Hong Kong’s integration into mainland China within the context of the Greater Bay Area (GBA) has seen the number of cross-jurisdictional disputes increase year by year. Encapsulated by the idea of “One Country, Two Systems, Three Jurisdictions”, this rapid development raises the practical challenge of how parties can preserve assets in both the mainland and the Hong Kong Special Administrative Region (SAR) and so ensure the protection and realisation of their rights.
Obtaining asset preservation in both places is based on the relevant regulations in mainland China, the 2019 Arrangement Concerning Mutual Assistance in Court-ordered Interim Measures in Aid of Arbitral Proceedings by the Courts of the Mainland and of the Hong Kong Special Administrative Region, Hong Kong’s High Court Ordinance and Practice Directions, among others. Guidance can also be found in past examples from both court systems.
Preservation of assets in mainland China
The mainland’s judicial preservation system had never been open to other jurisdictions. The above-mentioned arrangement for the first time opened up mainland judicial preservation, with some restrictions. Two years on, there have been some successes. As of 27 September 2021, the Hong Kong International Arbitration Centre alone has preserved RMB10.9 billion (USD1.7 billion) of assets through 23 mainland courts.
The arrangement is open only to Hong Kong arbitration proceedings and is subject to the two conditions – that the seat of arbitration be Hong Kong, and that the case is administered by a qualified arbitration institution. There are six qualified arbitration institutions: the Hong Kong International Arbitration Centre; the China International Economic and Trade Arbitration Commission’s Hong Kong arbitration centre; the Asia Office of the ICC International Court of Arbitration; the Hong Kong Maritime Arbitration Group; the South China International Arbitration Centre (HK); and eBRAM.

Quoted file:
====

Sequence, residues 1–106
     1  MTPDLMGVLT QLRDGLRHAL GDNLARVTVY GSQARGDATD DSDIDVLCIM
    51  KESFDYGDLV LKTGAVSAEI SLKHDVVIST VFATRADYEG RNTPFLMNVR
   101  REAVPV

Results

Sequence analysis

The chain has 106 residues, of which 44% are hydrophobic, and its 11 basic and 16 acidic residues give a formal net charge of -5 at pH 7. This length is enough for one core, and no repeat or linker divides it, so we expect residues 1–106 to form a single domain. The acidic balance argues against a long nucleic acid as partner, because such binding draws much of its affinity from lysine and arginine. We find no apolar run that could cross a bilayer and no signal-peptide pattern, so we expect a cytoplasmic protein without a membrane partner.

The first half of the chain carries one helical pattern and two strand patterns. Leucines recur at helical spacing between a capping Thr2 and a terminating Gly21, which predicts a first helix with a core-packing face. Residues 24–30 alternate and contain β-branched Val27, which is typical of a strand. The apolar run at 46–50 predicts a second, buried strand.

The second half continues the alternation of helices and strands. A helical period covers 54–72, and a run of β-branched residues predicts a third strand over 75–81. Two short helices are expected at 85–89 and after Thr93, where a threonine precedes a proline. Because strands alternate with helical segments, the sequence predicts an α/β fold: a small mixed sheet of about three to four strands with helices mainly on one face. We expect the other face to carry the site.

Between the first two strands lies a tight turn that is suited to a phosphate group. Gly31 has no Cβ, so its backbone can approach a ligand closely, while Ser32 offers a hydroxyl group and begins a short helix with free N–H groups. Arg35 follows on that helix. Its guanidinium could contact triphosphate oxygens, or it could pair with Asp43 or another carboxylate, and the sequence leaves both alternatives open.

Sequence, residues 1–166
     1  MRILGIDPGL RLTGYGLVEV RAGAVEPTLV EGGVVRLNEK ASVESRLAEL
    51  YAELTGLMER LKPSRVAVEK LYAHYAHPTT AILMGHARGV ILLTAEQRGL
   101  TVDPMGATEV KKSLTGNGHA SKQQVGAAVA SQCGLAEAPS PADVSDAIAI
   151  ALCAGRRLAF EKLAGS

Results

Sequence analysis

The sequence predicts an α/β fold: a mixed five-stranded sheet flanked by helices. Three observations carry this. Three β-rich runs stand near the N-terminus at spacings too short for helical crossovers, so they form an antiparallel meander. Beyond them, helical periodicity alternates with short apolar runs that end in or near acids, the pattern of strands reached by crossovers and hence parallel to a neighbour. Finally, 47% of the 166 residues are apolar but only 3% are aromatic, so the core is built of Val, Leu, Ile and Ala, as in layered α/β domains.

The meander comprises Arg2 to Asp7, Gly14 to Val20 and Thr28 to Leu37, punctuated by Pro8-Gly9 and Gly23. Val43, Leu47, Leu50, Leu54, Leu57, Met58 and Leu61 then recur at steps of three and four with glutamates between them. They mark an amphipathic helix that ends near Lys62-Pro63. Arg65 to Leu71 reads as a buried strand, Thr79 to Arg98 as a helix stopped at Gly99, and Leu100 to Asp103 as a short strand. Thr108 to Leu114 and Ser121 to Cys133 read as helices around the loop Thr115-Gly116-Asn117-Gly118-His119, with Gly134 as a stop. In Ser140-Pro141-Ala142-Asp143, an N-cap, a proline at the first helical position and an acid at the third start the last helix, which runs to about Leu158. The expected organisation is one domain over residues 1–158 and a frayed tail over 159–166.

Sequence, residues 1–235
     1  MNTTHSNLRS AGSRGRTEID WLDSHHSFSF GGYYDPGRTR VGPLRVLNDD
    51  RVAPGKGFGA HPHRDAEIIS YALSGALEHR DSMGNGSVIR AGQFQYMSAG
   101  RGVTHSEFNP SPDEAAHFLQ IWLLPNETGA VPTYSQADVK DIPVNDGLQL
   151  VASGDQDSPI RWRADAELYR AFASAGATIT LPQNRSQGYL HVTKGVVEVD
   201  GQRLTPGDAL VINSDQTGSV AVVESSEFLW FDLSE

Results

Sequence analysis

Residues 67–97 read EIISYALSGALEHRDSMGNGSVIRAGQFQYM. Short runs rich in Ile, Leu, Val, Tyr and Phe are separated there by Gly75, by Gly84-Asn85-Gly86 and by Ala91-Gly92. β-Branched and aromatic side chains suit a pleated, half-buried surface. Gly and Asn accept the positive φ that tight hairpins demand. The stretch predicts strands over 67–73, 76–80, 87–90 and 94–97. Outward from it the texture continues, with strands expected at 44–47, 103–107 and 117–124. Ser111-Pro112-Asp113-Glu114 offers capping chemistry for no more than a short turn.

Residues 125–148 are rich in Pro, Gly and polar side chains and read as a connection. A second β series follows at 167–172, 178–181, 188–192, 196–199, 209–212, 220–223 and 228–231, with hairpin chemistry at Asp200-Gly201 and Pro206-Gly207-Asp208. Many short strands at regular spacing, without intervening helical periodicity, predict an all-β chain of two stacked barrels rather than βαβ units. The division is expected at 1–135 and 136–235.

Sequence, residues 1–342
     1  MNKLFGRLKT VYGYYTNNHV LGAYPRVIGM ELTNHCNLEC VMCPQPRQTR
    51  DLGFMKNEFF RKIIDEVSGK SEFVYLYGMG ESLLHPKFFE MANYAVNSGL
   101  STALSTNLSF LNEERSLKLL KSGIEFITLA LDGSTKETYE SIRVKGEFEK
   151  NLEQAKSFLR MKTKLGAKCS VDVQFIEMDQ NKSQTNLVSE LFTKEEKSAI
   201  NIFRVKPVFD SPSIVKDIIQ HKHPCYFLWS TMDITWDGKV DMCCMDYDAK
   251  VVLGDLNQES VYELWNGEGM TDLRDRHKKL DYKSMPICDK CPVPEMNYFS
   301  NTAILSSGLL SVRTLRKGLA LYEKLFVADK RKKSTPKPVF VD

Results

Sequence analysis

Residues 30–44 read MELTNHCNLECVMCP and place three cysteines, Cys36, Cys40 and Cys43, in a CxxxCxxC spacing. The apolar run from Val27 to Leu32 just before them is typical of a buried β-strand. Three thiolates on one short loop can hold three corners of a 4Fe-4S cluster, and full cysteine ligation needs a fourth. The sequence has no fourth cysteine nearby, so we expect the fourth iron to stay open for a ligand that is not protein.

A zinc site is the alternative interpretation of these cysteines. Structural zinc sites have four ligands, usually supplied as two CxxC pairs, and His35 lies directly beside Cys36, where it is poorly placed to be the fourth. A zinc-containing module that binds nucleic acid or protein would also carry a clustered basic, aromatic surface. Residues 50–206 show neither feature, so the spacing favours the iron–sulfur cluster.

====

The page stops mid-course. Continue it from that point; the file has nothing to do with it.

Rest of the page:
The arrangement also requires that a party apply to a mainland court before the rendering of the arbitration award. If the need for preservation is urgent, a party may apply to a mainland court for preservation before applying for arbitration, but is required to initiate the arbitration proceedings promptly and deliver the Proof of Acceptance of Arbitration to the mainland court within 30 days after the preservation ruling is rendered.
In limiting the submission of applications to before the rendering of an award, no consideration was given to the need for preservation when a party applies to a mainland court for enforcement after obtaining the award, a shortcoming of the arrangement. However, in practice, there are mainland courts that support applications for asset preservation submitted by parties before applying for enforcement of the award, such as the ruling in the case of Yue 72 Cai Bao No. 78 (2018) by the Guangzhou Maritime Court, where Farenco Shipping applied for asset preservation regarding Eastern Ocean Transportation.
Based on this, article 4 of the Supplementary Arrangement, which was implemented on 27 November 2020, has plugged this deficiency. Since then, parties in Hong Kong arbitration proceedings are no longer subject to time restrictions when applying to mainland courts for the preservation of assets.
It is worth mentioning that the arrangement does not place any restrictions on the status of an applicant. An applicant that is neither a Chinese citizen nor a resident of the Hong Kong SAR may also apply to a mainland court for asset preservation.